Anyway competition is fun and as Andorid,QNX,WebOS and maybe others (Apple got to unify it's OS sooner or later too) scale up ,thngs will be even more fun.
    Reply
  • KMJ1111 - Thursday, May 12, 2011 - link

    The problem I see with Intel in the future is that as low end performance increases substantially, at a lower cost, they will cut into their more powerful chips. I mean, the bulk of everyday users and emerging market economy users will be advantaged in that ARM chips and low end chips should in theory offer daily functional use and little strain to power grids. At the same time, the middle range chips for Intel will lose some of their value in these areas because performance will be good enough. I mean, wasn't part of the problem with the original atom in theory that they had to limit their power so they wouldn't kill other parts of their market?

    If they have to compete with increasing ARM performance and power consumption, I see it as quite a predicament for Intel. Server wise they will probably remain dominant unless other aspects of the market change, but if they want to retain a market or gain brand identity in a market, they cannot limit the power of the lower end chips. I mean, sticking with atoms they do retain the ability to run X86 instructions, but my phone now can do many of my day to day functions and how useful the added extra processes are for average end users seems to be diminishing to me. Some of this probably comes from reading all about Google's presentations and their thoughts on how future computing will be run and distributed, but with Microsoft also building an ARM OS that will probably be able to strip out many of the legacy supports to offer a speedy experience, it seems like there is going to be a big change and computing power that is needed for the end user.
    Reply
  • mckirkus - Friday, May 13, 2011 - link

    Yes. This. I've heard it called the "good enough" factor. Once it's good enough for most day to day tasks, battery life becomes a major factor in mobile/tabled devices. Even if atom is clock for clock twice as fast (due to OoE, cache, etc.) if it eats 4x the power it's a non-starter.

    Now we could see some interesting distributed alternatives to HTTP in the next ten years that require cpu/bandwidth to buy currency in a distributed social world (think bit-torrent share ratio), that works like folding@home with fancier networking, and that might swing things back in Intel's favor.

    In my mind, Intel needs to hire some math majors from CalTech to focus on killer apps for their soon to be overkill processors.
    Reply
  • dagamer34 - Friday, May 13, 2011 - link

    While Intel can get away with what they call a GPU on it's desktop and mobile chips, I doubt anyone's that interested in using their GPUs when you get to the scale of smartphones and such, as OEMs really want a proven solution in their hardware. When you're competing against GPUs like the Adreno 220 (or 300 at that point) from Qualcomm, or the Tegra 3 or the PowerVR 5 series and eventually 6 series, I don't think Intel can afford to be a slouch in that market. They may have the best die process, but Intel's definitely shown they have a lot of difficulty using it effectively when it comes to non-CPU components (i.e. Larrabee and Intel GMA series). Reply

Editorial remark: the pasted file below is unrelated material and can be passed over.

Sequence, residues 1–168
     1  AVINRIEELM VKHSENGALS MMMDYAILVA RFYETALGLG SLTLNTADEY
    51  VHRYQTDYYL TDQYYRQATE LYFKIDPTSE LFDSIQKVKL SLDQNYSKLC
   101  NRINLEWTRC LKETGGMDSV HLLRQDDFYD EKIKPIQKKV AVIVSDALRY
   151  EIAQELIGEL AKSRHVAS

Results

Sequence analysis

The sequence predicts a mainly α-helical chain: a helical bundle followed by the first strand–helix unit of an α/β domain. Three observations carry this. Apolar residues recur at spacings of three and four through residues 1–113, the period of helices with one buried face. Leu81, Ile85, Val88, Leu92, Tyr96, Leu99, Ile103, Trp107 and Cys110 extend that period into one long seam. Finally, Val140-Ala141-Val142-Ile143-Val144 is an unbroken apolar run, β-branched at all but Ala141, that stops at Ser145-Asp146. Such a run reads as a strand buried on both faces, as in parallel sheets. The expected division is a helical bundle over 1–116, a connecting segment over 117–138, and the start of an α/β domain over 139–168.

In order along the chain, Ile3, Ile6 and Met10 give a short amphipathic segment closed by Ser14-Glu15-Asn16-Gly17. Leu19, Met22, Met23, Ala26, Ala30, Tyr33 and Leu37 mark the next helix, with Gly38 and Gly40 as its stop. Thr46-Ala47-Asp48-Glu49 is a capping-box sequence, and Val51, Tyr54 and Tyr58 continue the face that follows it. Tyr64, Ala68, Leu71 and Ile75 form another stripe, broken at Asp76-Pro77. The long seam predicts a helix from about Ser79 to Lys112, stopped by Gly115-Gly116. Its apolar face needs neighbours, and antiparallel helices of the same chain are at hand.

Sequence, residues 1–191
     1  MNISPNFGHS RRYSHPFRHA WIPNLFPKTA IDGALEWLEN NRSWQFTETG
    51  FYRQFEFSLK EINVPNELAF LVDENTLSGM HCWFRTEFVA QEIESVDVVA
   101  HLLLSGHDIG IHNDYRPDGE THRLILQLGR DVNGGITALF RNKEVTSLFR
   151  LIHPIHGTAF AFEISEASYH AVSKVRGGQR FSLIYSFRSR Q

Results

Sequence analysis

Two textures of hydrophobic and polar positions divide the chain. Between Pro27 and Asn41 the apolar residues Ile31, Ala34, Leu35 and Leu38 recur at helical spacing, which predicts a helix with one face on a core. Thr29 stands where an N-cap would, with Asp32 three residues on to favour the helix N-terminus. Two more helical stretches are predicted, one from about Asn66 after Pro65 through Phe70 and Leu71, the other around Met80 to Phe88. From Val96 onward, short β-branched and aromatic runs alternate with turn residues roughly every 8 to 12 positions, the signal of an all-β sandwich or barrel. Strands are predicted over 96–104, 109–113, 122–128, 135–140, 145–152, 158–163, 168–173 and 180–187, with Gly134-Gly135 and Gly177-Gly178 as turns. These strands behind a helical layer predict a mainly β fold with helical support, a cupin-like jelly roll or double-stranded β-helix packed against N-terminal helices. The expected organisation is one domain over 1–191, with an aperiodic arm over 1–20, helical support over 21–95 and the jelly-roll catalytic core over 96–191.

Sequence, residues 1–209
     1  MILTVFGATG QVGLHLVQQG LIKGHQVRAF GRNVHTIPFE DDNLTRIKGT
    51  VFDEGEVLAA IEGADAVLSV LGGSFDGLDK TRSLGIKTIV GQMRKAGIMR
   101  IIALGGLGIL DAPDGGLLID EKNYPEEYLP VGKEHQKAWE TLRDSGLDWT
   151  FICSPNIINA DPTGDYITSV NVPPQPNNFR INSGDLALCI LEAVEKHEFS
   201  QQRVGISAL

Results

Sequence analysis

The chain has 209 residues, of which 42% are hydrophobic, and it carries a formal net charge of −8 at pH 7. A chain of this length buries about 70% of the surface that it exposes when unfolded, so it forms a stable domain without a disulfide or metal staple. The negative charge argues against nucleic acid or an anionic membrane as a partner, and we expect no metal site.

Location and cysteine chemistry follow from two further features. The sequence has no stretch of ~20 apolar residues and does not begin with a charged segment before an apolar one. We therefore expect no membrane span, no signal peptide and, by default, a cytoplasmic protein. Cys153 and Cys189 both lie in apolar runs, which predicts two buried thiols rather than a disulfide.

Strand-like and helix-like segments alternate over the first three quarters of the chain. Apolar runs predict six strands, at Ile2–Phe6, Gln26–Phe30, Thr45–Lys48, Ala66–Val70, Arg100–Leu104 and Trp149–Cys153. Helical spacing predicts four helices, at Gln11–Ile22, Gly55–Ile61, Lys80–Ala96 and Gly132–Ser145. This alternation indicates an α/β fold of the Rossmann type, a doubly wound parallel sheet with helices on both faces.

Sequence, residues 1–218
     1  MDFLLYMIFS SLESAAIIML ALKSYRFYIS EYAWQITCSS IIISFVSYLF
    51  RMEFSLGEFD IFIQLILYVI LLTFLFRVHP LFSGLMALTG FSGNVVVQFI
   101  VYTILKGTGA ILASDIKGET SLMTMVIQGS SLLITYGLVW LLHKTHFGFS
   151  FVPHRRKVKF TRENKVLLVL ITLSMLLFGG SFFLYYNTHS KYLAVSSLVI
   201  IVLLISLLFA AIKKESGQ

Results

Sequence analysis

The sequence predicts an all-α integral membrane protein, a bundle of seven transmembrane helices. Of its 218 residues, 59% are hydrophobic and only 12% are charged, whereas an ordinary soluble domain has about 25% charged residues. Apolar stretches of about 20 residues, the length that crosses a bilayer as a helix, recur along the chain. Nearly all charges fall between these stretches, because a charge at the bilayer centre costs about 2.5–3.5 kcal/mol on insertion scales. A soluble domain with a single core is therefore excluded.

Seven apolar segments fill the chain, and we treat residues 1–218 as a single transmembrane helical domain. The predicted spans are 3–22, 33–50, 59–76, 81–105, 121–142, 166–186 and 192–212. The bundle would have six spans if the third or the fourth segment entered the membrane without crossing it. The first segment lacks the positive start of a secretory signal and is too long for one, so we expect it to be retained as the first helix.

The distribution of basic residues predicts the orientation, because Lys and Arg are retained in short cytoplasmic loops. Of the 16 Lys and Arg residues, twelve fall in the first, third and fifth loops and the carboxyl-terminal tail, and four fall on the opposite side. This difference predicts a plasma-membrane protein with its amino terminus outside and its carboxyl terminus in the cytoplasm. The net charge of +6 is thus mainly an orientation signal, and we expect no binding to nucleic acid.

• Mike1111 - Friday, May 13, 2011 - link

    I'm not sure that Silvermont will really matter by then. Sure, if it's as good as ARM SoCs or even a bit better then Intel will get a few design wins. But I don't really see the incentives for most device manufacturers to switch, unless Silvermont is at least 50% better overall then the ARM competition (and not worse in any category) for a cheaper price. And don't forget that with ARM you have the choice between at least three high-end SoCs from different manufacturers or you can even design your own chips. And more and more stuff gets shifted to the cloud, too.

    By the end of 2013 we probably have devices with the second gen of Cortex-A15 SoCs @22nm/20nm with a quad-core Cortex-A15 and the second iteration of IMG's Series 6. And high-end tablets will probably have >=1080p resolutions, 2GB RAM and 3rd/4th gen LTE chips. What I mean by that is that we'll be with tablets where we are now with PCs: current hardware is good enough for most people and most tasks. Of course sofware and the whole ecosystem will play a huge role: e.g. even though last year's(!) MacBook Air is vastly underpowered in terms of specs, most people using it for most tasks will find it to be a snappy machine and good enough.
    Reply
  • Shadowmaster625 - Friday, May 13, 2011 - link

    Can you get a review of one of these chips? (And/or the B810) I cannot be sure but I think the die size on this chip is 140mm^2. So at 22nm we're talking 100mm^2. Talk about an incredibly powerful chip for 100mm^2. If they took one of those chips, cut the cache in half they could easily make it 70mm^2. With the ultra low voltage operation improvements, as well as the reduced cache, it should be easy enough to get this under 5W. This chip would be a monster in a netbook. I'm more interested in this than in atom. Reply
  • L. - Monday, May 16, 2011 - link

    At 22nm, you will have brazos-style chips from anyone in the arm-cloud + amd that will have the performance of a Llano in a 10 watts TDP more or less (and yes, llano is not out but you can imagine it beats my config : c2d @ 3.89 + hd4850).

    And thus .. what would be the point of a shrinked celeron, a shrink of the worst kind of cpu ever made, that is already so low on cache you can feel it.
    Reply
  • iwod - Friday, May 13, 2011 - link

    Let just say GPU will be the same and most ARM and Atom will be based on PowerVR Gen 6.
    Then the only difference would be the CPU.

    I keep wonder, why do we have to keep all those MMX and useless instruction on a Mobile / Smartphone CPU when 99.9% of the Apps will have to be rewritten anyway. Why not take those out to spare the transistors.

    22nm 2nd Gen Atom with Out of Order WILL surely be enough for a smartphone, but at what power lv?

    I still think ARM will have the advantage in terms of power / performance and flexibility.
    Reply